In those circumstances, it would be appropriate for the Secretary of State to authorise the clearance prior to the activity beginning, as happens with phone taps and surveillance. In those circumstances, while this amendment is much tighter than the previous one that I, my noble friend Lord Hain, and others signed, it is desirable to have that level of authorisation for very specific placements of trained officers while giving greater flexibility to what the noble Lord, Lord Paddick, has talked about and must have experienced on a day-to-day basis when he operated in the police service.
This is so complicated because these elements do not sit easily with each other. It is not easy to sort out what would be the most appropriate way forward. I simply ask the Minister to consider whether a higher level of authorisation is required for very specific activities where an officer, whether in the police or security services, is placed in circumstances and situations that could lead to considerable reverberations down the line, taking into account the strictures made on human rights and, of course, our duty of care.
I am not sure that I feel comfortable with the amendment moved and supported by my own side, and I will finish on this. There is a wonderful feeling at the moment that politicians are not appropriate for, or capable of dealing with, high-level situations, even though they have been elevated to the highest possible level. I understand that, particularly at the moment, but I cannot for the life of me understand why my own party is so taken with giving the judiciary roles that are not about judgments of criminality or even carrying out reviews, both of which judges are perfectly capable of because that is their role. What is this love of the belief that we should hollow out the state, as we call it in the academic world, so that politicians are seen as incapable of making decisions and taking responsibility for them, but judges are not? I worry about this, because we are getting ourselves into a terrible mess, where eventually politicians will dance to the tune of Covid but very little else.
My Lords, it is a pleasure to follow the noble Lord, Lord Blunkett, who speaks with deep personal experience and authority. I listened to the passionate debate on the previous group of amendments, and now on this group. The noble Lord, Lord Dubs, made his case for Amendment 5 in his usual persuasive manner, but I favour a slightly different approach, not least for the reasons outlined by the noble Lord, Lord Blunkett. Hence I will speak to Amendment 16, as introduced so effectively by the noble Lord, Lord Hain, and supported by the noble Lord, Lord Cormack.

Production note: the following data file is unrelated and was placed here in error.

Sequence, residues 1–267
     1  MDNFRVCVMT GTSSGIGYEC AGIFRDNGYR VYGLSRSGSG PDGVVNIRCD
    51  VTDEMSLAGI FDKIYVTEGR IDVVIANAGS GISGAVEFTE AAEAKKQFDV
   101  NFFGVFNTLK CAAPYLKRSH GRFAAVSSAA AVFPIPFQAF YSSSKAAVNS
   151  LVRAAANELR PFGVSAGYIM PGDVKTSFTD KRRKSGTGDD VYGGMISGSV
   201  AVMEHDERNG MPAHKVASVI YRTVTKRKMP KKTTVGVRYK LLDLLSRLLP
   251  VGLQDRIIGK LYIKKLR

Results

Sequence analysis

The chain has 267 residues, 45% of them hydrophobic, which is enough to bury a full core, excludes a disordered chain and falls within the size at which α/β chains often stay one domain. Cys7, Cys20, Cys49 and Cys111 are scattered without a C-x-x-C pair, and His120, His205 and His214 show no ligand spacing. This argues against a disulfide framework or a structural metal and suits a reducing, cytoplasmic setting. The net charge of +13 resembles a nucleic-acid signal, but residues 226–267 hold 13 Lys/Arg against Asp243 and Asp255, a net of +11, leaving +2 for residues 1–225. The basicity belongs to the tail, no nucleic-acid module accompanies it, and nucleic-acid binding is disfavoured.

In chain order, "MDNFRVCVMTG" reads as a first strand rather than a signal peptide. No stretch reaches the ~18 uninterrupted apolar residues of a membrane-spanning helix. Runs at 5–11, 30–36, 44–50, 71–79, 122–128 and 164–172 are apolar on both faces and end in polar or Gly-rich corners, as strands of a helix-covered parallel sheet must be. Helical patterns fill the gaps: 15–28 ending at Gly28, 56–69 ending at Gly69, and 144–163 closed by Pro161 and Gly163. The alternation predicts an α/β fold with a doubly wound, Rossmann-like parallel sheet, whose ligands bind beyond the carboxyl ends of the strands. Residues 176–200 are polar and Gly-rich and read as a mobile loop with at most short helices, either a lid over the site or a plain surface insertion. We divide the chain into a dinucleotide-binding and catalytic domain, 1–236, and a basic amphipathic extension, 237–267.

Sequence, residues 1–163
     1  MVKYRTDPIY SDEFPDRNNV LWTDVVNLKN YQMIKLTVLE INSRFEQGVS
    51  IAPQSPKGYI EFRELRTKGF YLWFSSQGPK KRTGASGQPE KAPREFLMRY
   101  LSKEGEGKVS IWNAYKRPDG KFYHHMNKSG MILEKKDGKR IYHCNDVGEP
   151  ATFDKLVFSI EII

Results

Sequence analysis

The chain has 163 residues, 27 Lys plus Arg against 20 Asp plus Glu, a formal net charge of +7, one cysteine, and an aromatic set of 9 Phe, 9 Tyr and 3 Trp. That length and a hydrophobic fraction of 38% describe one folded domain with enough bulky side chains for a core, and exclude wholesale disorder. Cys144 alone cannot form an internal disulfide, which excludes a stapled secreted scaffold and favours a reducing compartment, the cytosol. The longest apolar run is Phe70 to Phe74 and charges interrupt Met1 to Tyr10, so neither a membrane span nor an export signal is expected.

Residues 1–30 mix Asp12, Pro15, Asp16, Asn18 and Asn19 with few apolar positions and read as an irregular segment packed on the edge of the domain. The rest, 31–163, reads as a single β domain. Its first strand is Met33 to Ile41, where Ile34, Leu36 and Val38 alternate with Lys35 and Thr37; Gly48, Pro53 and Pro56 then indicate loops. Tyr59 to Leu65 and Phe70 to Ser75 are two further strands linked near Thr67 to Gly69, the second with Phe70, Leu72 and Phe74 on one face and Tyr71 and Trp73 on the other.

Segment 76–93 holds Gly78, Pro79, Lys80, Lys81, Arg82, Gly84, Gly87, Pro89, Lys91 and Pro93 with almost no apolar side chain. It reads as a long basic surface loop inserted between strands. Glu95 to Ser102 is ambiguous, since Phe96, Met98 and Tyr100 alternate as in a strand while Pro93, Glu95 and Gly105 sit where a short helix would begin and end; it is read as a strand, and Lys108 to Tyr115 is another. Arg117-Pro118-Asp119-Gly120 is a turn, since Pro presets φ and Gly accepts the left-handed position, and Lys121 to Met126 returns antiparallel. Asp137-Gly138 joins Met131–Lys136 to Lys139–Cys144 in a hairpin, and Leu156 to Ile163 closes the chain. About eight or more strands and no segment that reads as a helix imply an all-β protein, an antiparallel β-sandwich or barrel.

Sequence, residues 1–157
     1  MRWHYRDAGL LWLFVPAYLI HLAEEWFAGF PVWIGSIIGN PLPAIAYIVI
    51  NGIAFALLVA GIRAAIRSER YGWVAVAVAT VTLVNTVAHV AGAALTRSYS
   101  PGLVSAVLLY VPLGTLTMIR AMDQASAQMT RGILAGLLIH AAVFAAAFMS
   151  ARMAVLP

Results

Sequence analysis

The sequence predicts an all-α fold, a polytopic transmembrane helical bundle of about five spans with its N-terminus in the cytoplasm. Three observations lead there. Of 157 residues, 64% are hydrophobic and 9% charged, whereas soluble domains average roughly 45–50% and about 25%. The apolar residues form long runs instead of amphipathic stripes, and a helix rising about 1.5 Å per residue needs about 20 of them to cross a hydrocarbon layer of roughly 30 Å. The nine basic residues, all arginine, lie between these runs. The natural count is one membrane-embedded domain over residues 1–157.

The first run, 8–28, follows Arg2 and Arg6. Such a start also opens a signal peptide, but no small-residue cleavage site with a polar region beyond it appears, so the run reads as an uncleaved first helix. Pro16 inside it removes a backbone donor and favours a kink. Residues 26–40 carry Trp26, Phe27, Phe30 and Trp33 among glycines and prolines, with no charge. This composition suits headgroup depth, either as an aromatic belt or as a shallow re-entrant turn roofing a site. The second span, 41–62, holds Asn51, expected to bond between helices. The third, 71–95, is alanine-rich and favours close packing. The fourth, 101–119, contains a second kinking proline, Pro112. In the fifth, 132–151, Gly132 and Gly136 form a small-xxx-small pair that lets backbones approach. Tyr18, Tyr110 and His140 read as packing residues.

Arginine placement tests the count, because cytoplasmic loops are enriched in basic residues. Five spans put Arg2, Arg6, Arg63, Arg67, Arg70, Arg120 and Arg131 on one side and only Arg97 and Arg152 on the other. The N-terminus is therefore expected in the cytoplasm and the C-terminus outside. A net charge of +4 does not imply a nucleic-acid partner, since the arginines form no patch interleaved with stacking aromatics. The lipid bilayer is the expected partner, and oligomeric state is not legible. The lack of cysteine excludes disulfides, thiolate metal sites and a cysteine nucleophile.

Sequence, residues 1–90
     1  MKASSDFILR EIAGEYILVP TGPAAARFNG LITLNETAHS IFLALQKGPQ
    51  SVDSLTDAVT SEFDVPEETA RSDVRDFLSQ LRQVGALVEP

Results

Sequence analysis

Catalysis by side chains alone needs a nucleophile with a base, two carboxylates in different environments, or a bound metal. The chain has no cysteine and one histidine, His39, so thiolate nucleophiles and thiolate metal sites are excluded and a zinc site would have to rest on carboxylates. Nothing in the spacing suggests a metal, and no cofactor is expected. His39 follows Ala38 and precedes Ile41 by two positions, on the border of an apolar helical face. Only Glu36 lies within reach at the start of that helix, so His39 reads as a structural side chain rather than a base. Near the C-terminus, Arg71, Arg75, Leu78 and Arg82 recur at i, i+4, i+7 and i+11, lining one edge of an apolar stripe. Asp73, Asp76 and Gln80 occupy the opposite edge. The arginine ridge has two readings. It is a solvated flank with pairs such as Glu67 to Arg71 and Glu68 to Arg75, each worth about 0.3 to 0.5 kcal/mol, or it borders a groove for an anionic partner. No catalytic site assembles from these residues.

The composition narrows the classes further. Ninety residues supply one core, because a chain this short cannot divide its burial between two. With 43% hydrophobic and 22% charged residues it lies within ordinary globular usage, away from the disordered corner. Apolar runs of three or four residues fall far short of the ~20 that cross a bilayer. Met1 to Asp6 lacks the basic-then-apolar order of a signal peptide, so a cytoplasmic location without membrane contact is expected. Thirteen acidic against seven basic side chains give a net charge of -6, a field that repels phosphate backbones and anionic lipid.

If the state is to grant advance pardon to individuals to commit serious breaches of the law, this should not be a common occurrence, and it is a decision that should be taken at the highest level. To my mind, that should be at the level of government. I accept that there might be occasions when, for matters of national security, criminal acts will need to be committed, but I have not been convinced of the need for change in the status quo regarding the way these authorisations are given. However, as the charity Justice says, it is inconceivable that the Government should not be accountable for serious criminal offences committed with their approval—but if that approval is delegated to officials, who will be accountable?
I have many qualms about this legislation. As many have remarked, the Government have repeatedly failed to make a convincing case as to why such a drastic abandoning of moral norms should be sanctioned. They have certainly failed to provide convincing arguments as to why such a broad set of agencies should need access to criminal conduct authorisation. What undercover activity does the Food Standards Agency, for instance, envisage having need of? However, while I am not comfortable with aspects of the legislation, I have no doubt of the Government’s determination to press ahead with it. It is therefore down to this House to try to make it more palatable.
As ever, the Government are keen to embrace anything that will show contempt for the European Court of Human Rights, and this obviously presents an opportunity to do that. But it is imperative that we try to stop these powers being used with impunity—and how better than by making government directly accountable? It would clearly be wrong for officials to have the power to grant immunity from prosecution to undercover agents on the basis of what they perceive as necessity without external authorisation.